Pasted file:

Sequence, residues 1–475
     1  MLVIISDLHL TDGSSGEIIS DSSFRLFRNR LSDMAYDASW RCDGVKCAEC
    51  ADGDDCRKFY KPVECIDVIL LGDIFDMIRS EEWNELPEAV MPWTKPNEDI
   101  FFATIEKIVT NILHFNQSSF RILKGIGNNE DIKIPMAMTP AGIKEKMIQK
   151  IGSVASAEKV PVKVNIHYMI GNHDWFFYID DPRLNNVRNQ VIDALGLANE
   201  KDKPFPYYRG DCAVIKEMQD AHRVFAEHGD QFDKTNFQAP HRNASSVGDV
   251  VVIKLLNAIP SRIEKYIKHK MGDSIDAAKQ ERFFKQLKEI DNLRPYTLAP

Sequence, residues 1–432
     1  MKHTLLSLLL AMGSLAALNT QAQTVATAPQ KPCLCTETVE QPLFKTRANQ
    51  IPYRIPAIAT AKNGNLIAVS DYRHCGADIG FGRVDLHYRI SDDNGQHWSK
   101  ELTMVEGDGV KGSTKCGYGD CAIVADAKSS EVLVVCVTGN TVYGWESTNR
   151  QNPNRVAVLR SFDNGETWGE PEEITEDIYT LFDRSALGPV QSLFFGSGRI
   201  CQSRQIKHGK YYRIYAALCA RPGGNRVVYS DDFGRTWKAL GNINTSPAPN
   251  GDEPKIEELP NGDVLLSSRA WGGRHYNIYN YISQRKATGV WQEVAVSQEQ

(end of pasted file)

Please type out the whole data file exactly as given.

Sequence, residues 1–475
     1  MLVIISDLHL TDGSSGEIIS DSSFRLFRNR LSDMAYDASW RCDGVKCAEC
    51  ADGDDCRKFY KPVECIDVIL LGDIFDMIRS EEWNELPEAV MPWTKPNEDI
   101  FFATIEKIVT NILHFNQSSF RILKGIGNNE DIKIPMAMTP AGIKEKMIQK
   151  IGSVASAEKV PVKVNIHYMI GNHDWFFYID DPRLNNVRNQ VIDALGLANE
   201  KDKPFPYYRG DCAVIKEMQD AHRVFAEHGD QFDKTNFQAP HRNASSVGDV
   251  VVIKLLNAIP SRIEKYIKHK MGDSIDAAKQ ERFFKQLKEI DNLRPYTLAP

Sequence, residues 1–432
     1  MKHTLLSLLL AMGSLAALNT QAQTVATAPQ KPCLCTETVE QPLFKTRANQ
    51  IPYRIPAIAT AKNGNLIAVS DYRHCGADIG FGRVDLHYRI SDDNGQHWSK
   101  ELTMVEGDGV KGSTKCGYGD CAIVADAKSS EVLVVCVTGN TVYGWESTNR
   151  QNPNRVAVLR SFDNGETWGE PEEITEDIYT LFDRSALGPV QSLFFGSGRI
   201  CQSRQIKHGK YYRIYAALCA RPGGNRVVYS DDFGRTWKAL GNINTSPAPN
   251  GDEPKIEELP NGDVLLSSRA WGGRHYNIYN YISQRKATGV WQEVAVSQEQ